Although studying abroad seems to be stressful while planning and preparing, I want to assure you that it is very possible and such a rewarding experience. Traveling to Korea was my first international travel experience, alone, nonetheless. Going abroad during COVID-19 also did not make my travel plans any easier, as there was a mandatory 2-week quarantine period and other requirements due to the country’s thorough COVID precaution policies. However, after I was actually able to get out and explore Korea, it almost felt like a second home. My first day out of quarantine was a bit overwhelming because I saw so many new places, but it was also one of my favorite days. During quarantine, I made plans with my friend who lives in Korea. He was an international student at my high school, and we first met in 10th grade. Over the years, we became friends, and it was a bit of a full-circle moment when I told him I was going to study in Korea. I am grateful for his help while navigating a new country because it is completely different from the US.
We met in Hongdae, where I was staying, and travelled to Itaewon, a neighborhood in Seoul known for its abundance of restaurants (many of them from different countries) and nightlife. However, we went in the day specifically to see Minju Kim (a fashion designer) and her pop-up shop that was only open for one weekend. After my friend showed me around Itaewon for a while, we took the subway to Yeouido and walked by Hangang (the Han River) to see the city from a new perspective. Nearby, the new Hyundai Seoul Mall had been opened to the public, so we went inside for a while. It was nice to cool off as well! Seoul’s summers are even worse than the US South. I would definitely recommend buying a portable fan to bring along– you’ll be walking a lot! After my first day, we had walked over 21,000 steps. Once we left Yeouido, we went back to Hongdae to have samgyeopsal (KBBQ) and walk around more to truly experience Korea’s night life. Overall, it was a very tiring, satisfying, and fulfilling first day.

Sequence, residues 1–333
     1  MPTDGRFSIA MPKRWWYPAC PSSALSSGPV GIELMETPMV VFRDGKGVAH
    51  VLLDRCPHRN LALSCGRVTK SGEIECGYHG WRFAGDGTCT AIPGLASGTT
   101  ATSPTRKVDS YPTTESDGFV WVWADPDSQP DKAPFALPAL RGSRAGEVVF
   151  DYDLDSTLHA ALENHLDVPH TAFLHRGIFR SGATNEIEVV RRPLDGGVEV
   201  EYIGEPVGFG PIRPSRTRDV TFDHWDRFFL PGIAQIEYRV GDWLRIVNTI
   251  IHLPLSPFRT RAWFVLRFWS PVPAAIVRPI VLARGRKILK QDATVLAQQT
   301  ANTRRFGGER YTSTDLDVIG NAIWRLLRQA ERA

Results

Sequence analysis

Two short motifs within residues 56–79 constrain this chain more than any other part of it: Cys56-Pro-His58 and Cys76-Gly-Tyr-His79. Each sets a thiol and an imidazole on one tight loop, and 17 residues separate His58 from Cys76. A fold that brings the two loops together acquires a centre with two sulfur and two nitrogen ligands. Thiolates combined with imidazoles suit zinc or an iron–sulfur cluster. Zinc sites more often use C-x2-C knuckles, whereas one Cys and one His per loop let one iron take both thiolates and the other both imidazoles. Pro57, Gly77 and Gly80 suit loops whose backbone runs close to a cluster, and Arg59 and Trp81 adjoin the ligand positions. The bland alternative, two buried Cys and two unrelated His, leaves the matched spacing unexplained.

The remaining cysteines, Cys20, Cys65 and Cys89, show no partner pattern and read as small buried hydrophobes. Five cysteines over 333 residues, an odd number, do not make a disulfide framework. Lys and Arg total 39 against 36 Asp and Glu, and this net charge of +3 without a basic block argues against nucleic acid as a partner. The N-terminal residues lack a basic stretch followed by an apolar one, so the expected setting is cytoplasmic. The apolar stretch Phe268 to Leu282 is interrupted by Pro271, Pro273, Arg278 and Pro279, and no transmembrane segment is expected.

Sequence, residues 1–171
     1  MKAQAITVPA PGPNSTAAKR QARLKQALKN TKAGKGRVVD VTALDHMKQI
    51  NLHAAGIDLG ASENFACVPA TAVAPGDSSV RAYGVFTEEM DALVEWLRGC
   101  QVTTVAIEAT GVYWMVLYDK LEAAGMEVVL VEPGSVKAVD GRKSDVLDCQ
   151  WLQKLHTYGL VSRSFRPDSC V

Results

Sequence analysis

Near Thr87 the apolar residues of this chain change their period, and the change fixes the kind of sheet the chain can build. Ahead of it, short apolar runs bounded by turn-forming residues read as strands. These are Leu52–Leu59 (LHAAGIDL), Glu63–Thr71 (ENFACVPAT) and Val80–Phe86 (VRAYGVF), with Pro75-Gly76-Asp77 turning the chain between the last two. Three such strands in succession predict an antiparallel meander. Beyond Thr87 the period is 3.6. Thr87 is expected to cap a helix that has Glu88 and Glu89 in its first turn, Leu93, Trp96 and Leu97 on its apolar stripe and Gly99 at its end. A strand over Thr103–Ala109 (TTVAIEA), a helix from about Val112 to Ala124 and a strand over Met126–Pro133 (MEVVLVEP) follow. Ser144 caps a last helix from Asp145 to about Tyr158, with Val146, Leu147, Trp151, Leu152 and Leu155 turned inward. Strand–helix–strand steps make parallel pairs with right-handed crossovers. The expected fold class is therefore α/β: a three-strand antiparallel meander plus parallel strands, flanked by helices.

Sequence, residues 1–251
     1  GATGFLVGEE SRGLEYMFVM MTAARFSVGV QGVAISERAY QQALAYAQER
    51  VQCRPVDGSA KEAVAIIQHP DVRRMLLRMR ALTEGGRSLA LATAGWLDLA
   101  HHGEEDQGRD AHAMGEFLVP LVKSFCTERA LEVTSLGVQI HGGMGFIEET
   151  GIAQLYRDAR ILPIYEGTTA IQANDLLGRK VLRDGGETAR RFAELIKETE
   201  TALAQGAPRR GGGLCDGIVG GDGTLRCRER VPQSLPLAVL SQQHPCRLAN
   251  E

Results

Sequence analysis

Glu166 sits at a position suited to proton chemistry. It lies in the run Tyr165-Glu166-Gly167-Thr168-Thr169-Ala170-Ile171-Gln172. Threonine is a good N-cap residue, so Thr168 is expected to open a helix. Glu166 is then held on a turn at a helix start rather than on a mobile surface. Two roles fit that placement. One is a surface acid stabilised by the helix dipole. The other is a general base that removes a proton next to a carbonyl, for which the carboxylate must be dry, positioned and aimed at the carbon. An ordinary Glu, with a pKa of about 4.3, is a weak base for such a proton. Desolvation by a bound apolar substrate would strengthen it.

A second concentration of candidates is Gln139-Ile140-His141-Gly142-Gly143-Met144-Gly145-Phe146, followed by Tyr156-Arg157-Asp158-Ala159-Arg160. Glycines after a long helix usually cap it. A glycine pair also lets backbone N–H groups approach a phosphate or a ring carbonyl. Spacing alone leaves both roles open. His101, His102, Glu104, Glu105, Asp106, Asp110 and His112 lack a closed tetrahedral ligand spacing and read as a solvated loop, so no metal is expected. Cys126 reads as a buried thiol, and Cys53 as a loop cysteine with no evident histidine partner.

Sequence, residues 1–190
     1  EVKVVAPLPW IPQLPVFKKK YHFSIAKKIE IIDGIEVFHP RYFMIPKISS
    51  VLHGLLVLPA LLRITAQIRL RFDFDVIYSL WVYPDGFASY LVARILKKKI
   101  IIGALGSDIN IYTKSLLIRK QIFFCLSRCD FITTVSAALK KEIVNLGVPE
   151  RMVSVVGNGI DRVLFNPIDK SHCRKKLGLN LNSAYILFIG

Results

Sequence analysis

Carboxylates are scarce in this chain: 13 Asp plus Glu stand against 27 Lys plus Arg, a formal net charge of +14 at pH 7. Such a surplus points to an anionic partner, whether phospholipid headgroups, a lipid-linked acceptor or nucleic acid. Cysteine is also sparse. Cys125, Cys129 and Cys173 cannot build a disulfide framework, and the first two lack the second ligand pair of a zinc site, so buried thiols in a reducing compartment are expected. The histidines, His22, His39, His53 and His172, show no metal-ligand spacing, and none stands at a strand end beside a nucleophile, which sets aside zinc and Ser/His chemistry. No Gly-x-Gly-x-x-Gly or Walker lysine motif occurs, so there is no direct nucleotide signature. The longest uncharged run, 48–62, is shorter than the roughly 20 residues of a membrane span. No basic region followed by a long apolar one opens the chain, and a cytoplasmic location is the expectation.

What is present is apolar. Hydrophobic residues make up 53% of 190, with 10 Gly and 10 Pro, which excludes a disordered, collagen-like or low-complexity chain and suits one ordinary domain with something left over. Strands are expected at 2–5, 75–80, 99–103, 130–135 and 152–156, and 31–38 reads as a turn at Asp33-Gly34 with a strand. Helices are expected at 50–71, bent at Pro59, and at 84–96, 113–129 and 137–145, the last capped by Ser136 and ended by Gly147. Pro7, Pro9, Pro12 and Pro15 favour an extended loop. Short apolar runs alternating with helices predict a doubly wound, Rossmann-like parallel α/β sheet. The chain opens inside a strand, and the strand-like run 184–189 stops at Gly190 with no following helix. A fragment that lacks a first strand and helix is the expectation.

I chose to go through CIEE for extra support while abroad, and they are established at Yonsei University, one of Korea’s SKY Universities (these three universities being deemed the most prestigious). I am majoring in International Relations and double minoring in Asian Studies and Spanish. It was a a perfect opportunity for me to work on my Asian Studies minor. The classes are manageable, but they do take effort. Honestly, the dorms were pretty average and not much to talk about. However, the location is quite perfect. The university is located in Sinchon, and it only takes a 10-20 minute walk to be in the heart of the neighborhood. And, it is only a 20 minute bus ride to Hongdae, which is known for its unique arts and modern culture. I definitely learned how to be independent and interact with people without too much of a language barrier. Most of the times I am introverted, but in Korea, I became more extroverted. You can’t be too shy to order food or to ask a question because it really isn’t worth being embarrassed over. It was also very interesting to see the different dynamics of “community” playing out. Everyone wore masks in Korea as it is a precaution for COVID, which was a nice change. I experienced a big culture shock when I came back to the US. Maybe half of the people I see nowadays wear masks, and the portion sizes are overwhelmingly large compared to Korea. This culture shock while arriving in the US was something I was expecting, but I didn’t know it would be so difficult to adjust.